• Much of the current discussion is focused on the migration from GNT to GLM, which is about 25% to completion, with 251mn GNT converted of the 1bn maximum supply.
  • Many exchanges are supporting the GNT to GLM migration, but migration manually will also be available indefinitely.
  • The primary purpose of the migration to ERC-20 is to add the Approve function, enable layer 2 solutions and for decentralised exchange listings, along with utility for other DeFi solutions. The migration is for improved user experience.
  • Binance has now completed their token swap for GNT holders on the exchange and launched GLM markets.

Beyond that, there is very little else of note in the group.


The Golem BitcoinTalk thread was created on October 19th, 2016, and has since generated 3200 posts spanning 160 pages in 1513 days. This equates to 2.11 posts per day, on average. However, in the past 90 days, the thread has had 3 posts via 3 individual posters, giving an average of 0.03 posts per day, rendering the thread dead.

In short, many of the platforms on which a community would usually be highly engaged and vocal are rather inactive, which is surprising for such a long-standing project. Whilst I am well aware of the team’s progress on the development front since late 2016, I am a little disappointed in what seems to be a lack of effort to foster community growth following the conclusion of the bull market in January 2018.

And that concludes my evaluation of the Golem community.

Let’s now look more closely at development:


For the following Development analysis, I will be evaluating project leadership, the website, the roadmap, the whitepaper, the wallets and finally providing a general overview:

Project Leadership:

The Golem team is comprised of 30 employees, as per the website, with 25 employees listed on LinkedIn. The team is currently hiring several roles.

More specifically, the core team consists of:


The website can be found here.

The website is very much modern in its design, with strong branding and intuitive design, supplemented by clear and comprehensive navigation.

Beginning with the homepage, we find three primary aspects of development currently front-and-centre: the migration to GLM, the current product suite and a For Developers section. Visitors are invited to learn more about each of these immediately. As we scroll down the homepage, we find a useful introductory video on Golem, as well as a brief textual overview of the project that explains its mission to become a global, open-source and decentralised supercomputer, with a marketplace for processing power that enables a wide variety of computing tasks, such as CGI rendering, machine learning and scientific computing. Scrolling further still, we find an overview of the marketplace, which is comprised of requestors that can rent out the power of providers’ machines, all of which is facilitated by GNT (soon to be GLM). We also find links to documentation, Github and the blog (which I will come to shortly).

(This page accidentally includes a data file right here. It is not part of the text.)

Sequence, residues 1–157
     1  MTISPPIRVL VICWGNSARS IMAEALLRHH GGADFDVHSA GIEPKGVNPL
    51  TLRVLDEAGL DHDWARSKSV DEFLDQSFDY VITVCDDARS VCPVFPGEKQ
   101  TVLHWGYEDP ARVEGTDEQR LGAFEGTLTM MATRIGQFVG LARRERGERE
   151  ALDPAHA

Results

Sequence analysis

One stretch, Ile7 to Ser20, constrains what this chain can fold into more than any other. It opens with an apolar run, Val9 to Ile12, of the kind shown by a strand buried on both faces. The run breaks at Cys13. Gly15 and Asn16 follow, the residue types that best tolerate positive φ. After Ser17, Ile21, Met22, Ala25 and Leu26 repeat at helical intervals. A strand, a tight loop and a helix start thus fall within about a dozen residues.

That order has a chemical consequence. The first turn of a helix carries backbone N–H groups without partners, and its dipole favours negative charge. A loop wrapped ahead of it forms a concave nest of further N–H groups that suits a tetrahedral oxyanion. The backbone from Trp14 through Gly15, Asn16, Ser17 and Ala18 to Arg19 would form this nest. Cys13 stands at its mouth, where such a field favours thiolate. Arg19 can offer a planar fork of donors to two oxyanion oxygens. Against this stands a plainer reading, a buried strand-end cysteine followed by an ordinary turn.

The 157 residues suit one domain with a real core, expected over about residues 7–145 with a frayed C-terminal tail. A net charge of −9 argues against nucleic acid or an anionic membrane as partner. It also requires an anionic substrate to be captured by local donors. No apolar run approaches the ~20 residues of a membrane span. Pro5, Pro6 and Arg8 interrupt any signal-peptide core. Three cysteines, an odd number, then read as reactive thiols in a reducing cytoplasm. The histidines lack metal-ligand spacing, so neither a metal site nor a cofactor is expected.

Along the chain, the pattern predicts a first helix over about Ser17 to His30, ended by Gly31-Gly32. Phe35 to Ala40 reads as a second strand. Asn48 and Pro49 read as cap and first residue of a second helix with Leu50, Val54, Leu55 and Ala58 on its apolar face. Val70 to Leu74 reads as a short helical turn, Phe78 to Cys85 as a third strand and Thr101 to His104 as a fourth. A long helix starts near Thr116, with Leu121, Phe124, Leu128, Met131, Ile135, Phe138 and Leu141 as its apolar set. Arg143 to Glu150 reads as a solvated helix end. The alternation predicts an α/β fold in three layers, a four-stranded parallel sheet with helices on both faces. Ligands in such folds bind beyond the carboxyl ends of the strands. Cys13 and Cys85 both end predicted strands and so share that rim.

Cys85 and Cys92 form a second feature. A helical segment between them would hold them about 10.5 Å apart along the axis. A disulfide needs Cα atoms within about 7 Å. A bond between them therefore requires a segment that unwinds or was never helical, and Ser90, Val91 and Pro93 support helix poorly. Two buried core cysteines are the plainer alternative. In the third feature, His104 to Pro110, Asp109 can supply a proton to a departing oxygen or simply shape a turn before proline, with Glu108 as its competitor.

As the visitor gets towards the footer of the homepage, we find more detail on Golem ecosystem itself and its components, beginning with the Clay implementation (the most recent release but prior to New Golem, which is in development). Clay Golem is on mainnet and allows users to earn tokens by renting out unused computing power, with live use-cases including Blender rendering, gWASM app integration, gLAMBA molecular simulations and video transcoding. There are download links provided here, also. We also find information on the nearly-production-ready Golem Unlimited, which will allow users to create a Hub of linked computers within an internal network. Finally, we find a brief overview of Graphene, which is a Library OS for unmodified applications, bridging the gap between applications programmed for single systems. The footer of the homepage contains a list of recent news articles and social links.

Now, whilst there are plentiful resources on the website, the blog is the most useful for better understanding recent developments from the team, as this is very regularly updated with detailed articles.


Below, I have provided some key takeaways from recent blog posts to better determine the progress being made by Golem and the state of the project at present:

  • Golem released their most recent implementation, Clay, earlier this year, which is a precursor for New Golem, which will follow the GNT to GLM migration. New Golem remains in development but the Alpha release was launched in August 2020. Alpha 2.0 was released in October.
  • Paragon have been contracted by Golem to work on the project’s public relations moving forward.